LOS ANGELES -- WBO 130-pound title holder Jorge Barrios improved to 46-2-1 (33 knockouts) on Saturday night after landing a single left hook to the rib cage of Janos Nagy, who was immediately shocked by the well-placed body shot and took a semi-voluntary knee for a 9½-count from referee Raul Caiz Jr., who waved the bout off when the Hungarian challenger stumbled hunched over into the ropes behind him.
The left-hook body shot was the second solid punch landed by Barrios, who ended the fight 49 seconds into the first round.
"It was the same shot that Bernard [Hopkins] hit Oscar [De La Hoya] with," Barrios said. (Actually, the wayward Argentine's punch was more to the right front side of Nagy's ribcage than to the liver, as Hopkins' decisive punch was in his 2004 knockout of the Golden Boy -- but the end result was the same.)
"It was definitely a legal punch," said a dejected Nagy, now 23-1 (14 KOs). "I've never been hit like that before. I wanted to go on but I was not able to. [The punch] knocked the wind completely out of me."
In another bout, Filipino phenom Rey Bautista improved to 20-0 (15 KOs) with a third-round stoppage of hard-nosed Nicaraguan journeyman Robert Bonilla in a junior featherweight bout scheduled for 10 rounds.
Bautista attacked the veteran from the opening bell, working Bonilla (23-8, 14 KOs) with both hands. The 19-year-old prospect settled down in the second round, adding a little footwork and combination punching to his assault, but in the third round Bautista resumed his sometimes reckless fury.
However, Bonilla, who has held regional titles at 115 pounds and battled world champs, stood and exchanged with the youngster at the start of the round, holding his own until Bautista landed a vicious low blow followed by a right hand that brought the rugged Nicaraguan to his knees.
Referee Pat Russell gave Bonilla the customary five minutes to recover, but the veteran returned to battle after about only 90 seconds, and the junior featherweights battled toe-to-toe (with Bautista landing harder blows, including a pair of monster right hands to the face that the Nicaraguan amazingly absorbed) until the teenager got in a right hand to the body that nearly cut the older fighter in half.
Bonilla crumpled to the canvas and remained on his hands and knees until Russell's count reached nine before attempting to get up -- but it was clear that he had had enough, and the veteran California referee wisely waved the contest off at 2:36 of the round.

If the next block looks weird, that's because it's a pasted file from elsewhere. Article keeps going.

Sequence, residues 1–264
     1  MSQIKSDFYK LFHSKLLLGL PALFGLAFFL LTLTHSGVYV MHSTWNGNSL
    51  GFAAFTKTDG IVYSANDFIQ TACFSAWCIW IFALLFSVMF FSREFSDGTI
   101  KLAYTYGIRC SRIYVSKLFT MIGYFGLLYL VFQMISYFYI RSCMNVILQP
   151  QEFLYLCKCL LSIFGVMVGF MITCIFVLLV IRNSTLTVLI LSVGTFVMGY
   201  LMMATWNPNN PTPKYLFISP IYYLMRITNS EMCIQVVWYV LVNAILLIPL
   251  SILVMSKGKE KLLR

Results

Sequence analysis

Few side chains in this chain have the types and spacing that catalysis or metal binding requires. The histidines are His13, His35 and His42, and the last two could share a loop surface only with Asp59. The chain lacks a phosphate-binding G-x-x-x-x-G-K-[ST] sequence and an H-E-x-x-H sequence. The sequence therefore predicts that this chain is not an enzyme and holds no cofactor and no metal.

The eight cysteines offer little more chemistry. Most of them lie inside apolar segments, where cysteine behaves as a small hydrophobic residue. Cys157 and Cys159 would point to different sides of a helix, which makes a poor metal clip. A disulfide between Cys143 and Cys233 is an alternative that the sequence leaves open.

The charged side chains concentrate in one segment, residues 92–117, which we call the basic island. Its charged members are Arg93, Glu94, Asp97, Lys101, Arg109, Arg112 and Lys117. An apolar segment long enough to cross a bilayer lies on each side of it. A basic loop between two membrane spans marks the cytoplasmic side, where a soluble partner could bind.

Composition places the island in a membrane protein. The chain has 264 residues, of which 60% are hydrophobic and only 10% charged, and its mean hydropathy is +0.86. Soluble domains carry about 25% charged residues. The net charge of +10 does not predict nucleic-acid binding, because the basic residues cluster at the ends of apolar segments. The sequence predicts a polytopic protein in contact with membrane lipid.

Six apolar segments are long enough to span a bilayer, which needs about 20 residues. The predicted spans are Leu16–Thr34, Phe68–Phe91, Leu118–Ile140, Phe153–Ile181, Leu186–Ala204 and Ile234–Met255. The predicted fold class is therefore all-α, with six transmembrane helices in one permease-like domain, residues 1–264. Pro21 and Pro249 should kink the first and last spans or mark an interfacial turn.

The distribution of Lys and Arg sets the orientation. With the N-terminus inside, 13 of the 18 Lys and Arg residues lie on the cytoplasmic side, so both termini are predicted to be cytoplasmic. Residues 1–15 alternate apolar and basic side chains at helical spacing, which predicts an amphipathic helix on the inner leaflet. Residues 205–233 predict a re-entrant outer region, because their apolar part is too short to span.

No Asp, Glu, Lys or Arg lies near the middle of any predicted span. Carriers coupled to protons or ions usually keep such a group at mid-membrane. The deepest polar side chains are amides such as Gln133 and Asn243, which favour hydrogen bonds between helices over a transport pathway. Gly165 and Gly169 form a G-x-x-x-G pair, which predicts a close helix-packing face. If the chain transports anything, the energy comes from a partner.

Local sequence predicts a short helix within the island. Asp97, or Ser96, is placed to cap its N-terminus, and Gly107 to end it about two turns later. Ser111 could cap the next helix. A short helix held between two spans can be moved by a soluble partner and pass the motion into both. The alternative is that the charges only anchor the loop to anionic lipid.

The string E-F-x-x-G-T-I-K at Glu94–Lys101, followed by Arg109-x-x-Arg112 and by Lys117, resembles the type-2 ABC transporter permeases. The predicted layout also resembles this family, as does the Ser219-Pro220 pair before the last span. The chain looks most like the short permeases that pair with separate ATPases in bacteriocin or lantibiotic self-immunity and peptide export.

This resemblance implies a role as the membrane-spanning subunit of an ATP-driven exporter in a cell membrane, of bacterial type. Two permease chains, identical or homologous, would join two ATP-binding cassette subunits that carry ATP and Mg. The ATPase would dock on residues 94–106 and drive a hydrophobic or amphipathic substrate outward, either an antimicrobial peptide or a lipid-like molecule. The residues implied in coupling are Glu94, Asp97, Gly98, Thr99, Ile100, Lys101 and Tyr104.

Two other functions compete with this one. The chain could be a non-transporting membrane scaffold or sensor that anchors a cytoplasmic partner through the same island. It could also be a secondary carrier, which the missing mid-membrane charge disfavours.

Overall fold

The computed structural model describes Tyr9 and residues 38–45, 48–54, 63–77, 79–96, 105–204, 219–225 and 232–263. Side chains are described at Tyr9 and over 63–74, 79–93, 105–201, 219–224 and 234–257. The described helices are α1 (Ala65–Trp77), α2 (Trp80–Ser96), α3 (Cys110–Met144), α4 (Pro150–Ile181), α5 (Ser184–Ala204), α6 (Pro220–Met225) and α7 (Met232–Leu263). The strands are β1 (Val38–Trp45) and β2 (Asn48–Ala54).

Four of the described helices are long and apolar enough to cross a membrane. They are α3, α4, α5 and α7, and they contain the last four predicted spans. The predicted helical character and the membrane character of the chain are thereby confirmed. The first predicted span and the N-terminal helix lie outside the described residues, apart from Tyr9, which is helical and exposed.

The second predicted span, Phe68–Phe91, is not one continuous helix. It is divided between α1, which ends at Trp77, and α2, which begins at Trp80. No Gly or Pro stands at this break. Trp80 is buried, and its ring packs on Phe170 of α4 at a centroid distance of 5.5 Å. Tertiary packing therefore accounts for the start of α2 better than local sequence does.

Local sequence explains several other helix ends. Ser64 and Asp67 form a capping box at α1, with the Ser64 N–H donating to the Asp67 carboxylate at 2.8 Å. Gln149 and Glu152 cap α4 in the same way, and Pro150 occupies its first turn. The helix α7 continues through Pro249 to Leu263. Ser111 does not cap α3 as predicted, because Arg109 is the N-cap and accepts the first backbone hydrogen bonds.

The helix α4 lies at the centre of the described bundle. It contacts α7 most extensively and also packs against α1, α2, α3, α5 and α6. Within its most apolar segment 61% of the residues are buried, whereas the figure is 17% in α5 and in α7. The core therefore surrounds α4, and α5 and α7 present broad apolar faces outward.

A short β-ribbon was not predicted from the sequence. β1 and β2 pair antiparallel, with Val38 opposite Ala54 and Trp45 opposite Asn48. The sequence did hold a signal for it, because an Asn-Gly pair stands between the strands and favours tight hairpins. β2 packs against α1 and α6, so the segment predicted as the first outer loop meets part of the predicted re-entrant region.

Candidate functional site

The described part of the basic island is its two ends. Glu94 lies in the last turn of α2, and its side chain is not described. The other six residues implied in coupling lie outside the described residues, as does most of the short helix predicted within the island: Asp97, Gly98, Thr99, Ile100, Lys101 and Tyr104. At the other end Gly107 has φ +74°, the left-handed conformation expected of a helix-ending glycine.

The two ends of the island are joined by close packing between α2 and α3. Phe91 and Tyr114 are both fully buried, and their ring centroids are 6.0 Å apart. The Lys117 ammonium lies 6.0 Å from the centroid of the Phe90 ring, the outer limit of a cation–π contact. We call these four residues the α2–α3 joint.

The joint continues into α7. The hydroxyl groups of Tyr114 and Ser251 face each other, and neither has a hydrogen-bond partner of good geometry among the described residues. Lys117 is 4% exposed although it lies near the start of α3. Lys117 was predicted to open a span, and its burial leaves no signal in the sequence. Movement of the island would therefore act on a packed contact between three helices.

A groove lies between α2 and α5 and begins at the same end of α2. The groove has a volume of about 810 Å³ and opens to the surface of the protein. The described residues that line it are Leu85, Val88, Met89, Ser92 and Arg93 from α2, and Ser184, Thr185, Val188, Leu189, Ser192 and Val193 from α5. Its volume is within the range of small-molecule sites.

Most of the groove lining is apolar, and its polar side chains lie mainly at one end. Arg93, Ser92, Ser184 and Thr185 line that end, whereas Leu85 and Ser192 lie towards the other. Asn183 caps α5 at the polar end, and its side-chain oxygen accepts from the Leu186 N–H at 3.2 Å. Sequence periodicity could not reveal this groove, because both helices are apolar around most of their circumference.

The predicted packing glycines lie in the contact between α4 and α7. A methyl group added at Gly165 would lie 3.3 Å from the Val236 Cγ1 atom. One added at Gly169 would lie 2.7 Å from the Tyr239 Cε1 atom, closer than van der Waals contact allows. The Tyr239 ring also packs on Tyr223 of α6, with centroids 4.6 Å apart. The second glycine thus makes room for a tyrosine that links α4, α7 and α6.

The management of Bautista, who is rated No. 1 in the WBO at 118 pounds, announced that their talented kid will now compete at the junior featherweight division and that they have targeted the WBO's 122-pound title holder, Daniel Ponce DeLeon, who was ringside.
It might be a good idea to allow the young man more time to develop before challenging a fighter as tough and strong as DeLeon, who will defend his belt against unbeaten Alejandro Barrera next Saturday. Bautista is a formidable offensive fighter, but he still needs some seasoning (particularly in the defense department) before going for a world title.
Lincoln Heights' Jose Armando Santa Cruz won the WBC's "interim" lightweight title with a one-sided pounding of Japan's Chikashi Inada, who was stopped 2:08 into the sixth round when referee Jack Reiss decided that the game but outgunned visitor had absorbed enough punishment.
Santa Cruz (23-1, 13 KOs) patiently stalked the constantly moving Inada through the first two rounds of the bout before finding his range with hard jabs and right crosses that battered the face of the Tokyo-based fighter in the third and fourth rounds.
In the fifth round, Inada (19-3, 14 KOs) stood his ground and traded heavy leather with Santa Cruz to the delight of the crowd. However, Inada's already swollen face caught the worst of the toe-to-toe exchanges in the final minute of the round, as Santa Cruz teed off with crosses and uppercuts that snapped Inada's head back.
The tall, rangy lightweights continued to slug it out in the sixth round, but Inada's lack of physical strength and punching power made it nearly impossible for him to get Santa Cruz's respect. Reiss stepped in after a hard exchange to spare Inada's face more damage.
Santa Cruz's trainer/manager, Rudy Hernandez, said that as soon as the June 3 rubber match between Diego Corrales and Jose Luis Castillo (which is for the real WBC lightweight title) is over (both veterans are expected to jump to the 140-pound division after the fight), his fighter will be declared the WBC 135-pound titlist.
According to Hernandez, Santa Cruz will not have to fight the WBC's No. 2 contender, former two-time titlist Sirimongkol Singwangcha of Thailand, who was originally scheduled to fight Inada.
"From what I've been told, the Thai guy has Hepatitis B so he won't be fighting for some time," Hernandez said. "So we want to get a name in the ring. Erik Morales is our first choice. He wants to try and win a world title in a fourth weight class, so let him come and try it with Armando."
In a six-round lightweight bout featuring undefeated prospects from the Los Angeles area, Shadi Hamsho, originally from Sweden, outboxed the game Armando Dorantes in an entertaining unanimous decision. Hamsho improved to 6-0 (1 KO). Dorantes dropped to 5-1.
In a six-round junior lightweight contest, Jozef Nagy, brother of Janos, won a pedestrian unanimous decision over Connecticut-based journeyman Julio Jean. Nagy improved to 14-0 (11 KOs). Jean dropped to 7-9-1 (3 KOs).
In a four-round swing bout, Oxnard's Miguel Reza scored two knockdowns on his way to a one-sided unanimous decision over hard-headed (and head-first charging) Hector Reynoso of Riverside. Reza, who suffered a bad cut on the side of his right eye in the final round (due to a headbutt), improved to 2-0 (1 KO). Reynoso dropped to 1-3.